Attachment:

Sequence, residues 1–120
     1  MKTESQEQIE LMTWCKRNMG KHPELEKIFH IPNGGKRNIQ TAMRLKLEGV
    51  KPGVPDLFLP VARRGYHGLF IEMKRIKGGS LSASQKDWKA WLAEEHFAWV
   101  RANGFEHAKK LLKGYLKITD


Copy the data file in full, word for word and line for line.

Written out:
Sequence, residues 1–120
     1  MKTESQEQIE LMTWCKRNMG KHPELEKIFH IPNGGKRNIQ TAMRLKLEGV
    51  KPGVPDLFLP VARRGYHGLF IEMKRIKGGS LSASQKDWKA WLAEEHFAWV
   101  RANGFEHAKK LLKGYLKITD